Bayer, as I said, works in specialized therapeutic areas. Bayer also has a global production concept, and whatever we produce here in Russia will lead to underutilization of production capacity somewhere else in our global plants. Nevertheless, for some of our products, we local production makes sense. For example for products that are financed by the government; such as contrast media or oncology medicines. But because these are specialty products, we will never be able to run a Russian plant at full capacity all the time. Therefore, for us, a partnership—whether a joint venture, or contract manufacturing—is the answer. We have not yet chosen our route, but we are considering our options in the Russian market.

So what is the right strategy?

Again, it depends on your field of activity. With oral contraceptives: in 95% of the world, the government does not finance those products. Usually they are paid for by the users themselves. Here in Russia, we do not have local competition in this sphere and even if we did, contraception is not financed by the government. For this reason, we do not need local production for our oral contraception products.

Essentially, we have to consider the options for each individual therapeutic area case-by-case. First, we identify the financing source. Let’s take the Seven Nosology (7N) program. There is a a once-yearly centralized purchase process for the entire Russian Federation. Who is the perfect local partner for that? Usually, as companies are business-driven, and would like to have some guarantee of steady revenue, the ideal partner would have to have strong governmental relations—would have to be, to use the modern term, strong in market access.

A company may require a local partner for the 7N that is totally different from a local partner that could be beneficial in other segments. For example, there is a government procurement program for hospitals, and within that sector, you have 2000 local tenders across Russia daily. For that business, that company may need a partner that has strong production and a strong distribution network.

There is no one strategy that is right for the pharma industry. Each company must consider its customers, financing parties, and the right fit of partners by therapeutic area. At Bayer, we have an out-of-pocket business, we have business in government programs including the 7N and local regional tenders, and we have a premium-price strategy as well. Therefore, I have to manage each of these segments individually.

Bayer Healthcare is ranked fifth in overall sales on the Russian market in 2010, while globally, the company placed twelfth in a Pharmaceutical Executive top-fifty ranking. How do you explain the Russian affiliate’s significant outperformance of the global group?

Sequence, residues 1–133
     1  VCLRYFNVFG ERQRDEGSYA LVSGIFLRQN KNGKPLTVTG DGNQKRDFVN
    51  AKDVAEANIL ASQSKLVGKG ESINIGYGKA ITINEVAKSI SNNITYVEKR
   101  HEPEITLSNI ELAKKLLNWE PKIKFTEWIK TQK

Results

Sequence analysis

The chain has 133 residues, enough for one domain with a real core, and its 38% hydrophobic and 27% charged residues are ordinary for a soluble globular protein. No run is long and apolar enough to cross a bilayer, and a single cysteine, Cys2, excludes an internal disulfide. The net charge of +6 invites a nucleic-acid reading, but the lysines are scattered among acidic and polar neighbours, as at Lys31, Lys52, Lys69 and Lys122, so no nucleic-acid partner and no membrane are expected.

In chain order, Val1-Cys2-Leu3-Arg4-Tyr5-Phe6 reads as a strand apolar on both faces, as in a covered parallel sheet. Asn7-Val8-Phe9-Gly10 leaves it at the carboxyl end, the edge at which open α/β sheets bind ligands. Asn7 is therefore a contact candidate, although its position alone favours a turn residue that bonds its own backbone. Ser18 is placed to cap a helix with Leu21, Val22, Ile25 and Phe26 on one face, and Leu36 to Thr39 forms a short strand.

Looking at Russia, last year, we had approximately 2.8% market share in the retail business, and in the overall pharma sector approximately 3%—so number five position. The difference is the fact that we came to the Russian pharma market very early. Two years after the Soviet Union collapsed, Bayer as well as Schering, established their respective representative offices here and invested significantly—not in production, but in people, in education, in promotion, and so on.

This worked very well, until the financial crisis of 1998. Many companies left in ’98. Yet, during the crisis Bayer decided to stay in Russia. That is why nowadays Bayer Healthcare has a strong position. Wherever our competitors left the market, we jumped into the gap. We stayed invested, and we benefitted from our commitment immediately once the market recovered.

Our consumer care division, which contributes to our market share significantly, really broadened its product mix with the acquisition of Sagmel’s portfolio. This also increased revenues quite considerably.

So in short, it was the combination of staying invested, which prepared the ground, and the subsequent addition via the M&A that helped us very much. We also benefitted from the introduction of the DLO system. I would call these the three pillars for us.

On the subject of Sagmel: do you feel that there is opportunity for further such acquisitions for Bayer here in Russia?

We are of course open to opportunities should they arise and make sense within our business strategy. However, please understand that we cannot speculate on what may or may not be in the future.

Many multinationals have followed an M&A strategy in Russia. Do you feel that the acquisition trend we are seeing not only from Bayer, but also from your colleagues, reflects the difficulty of organic growth?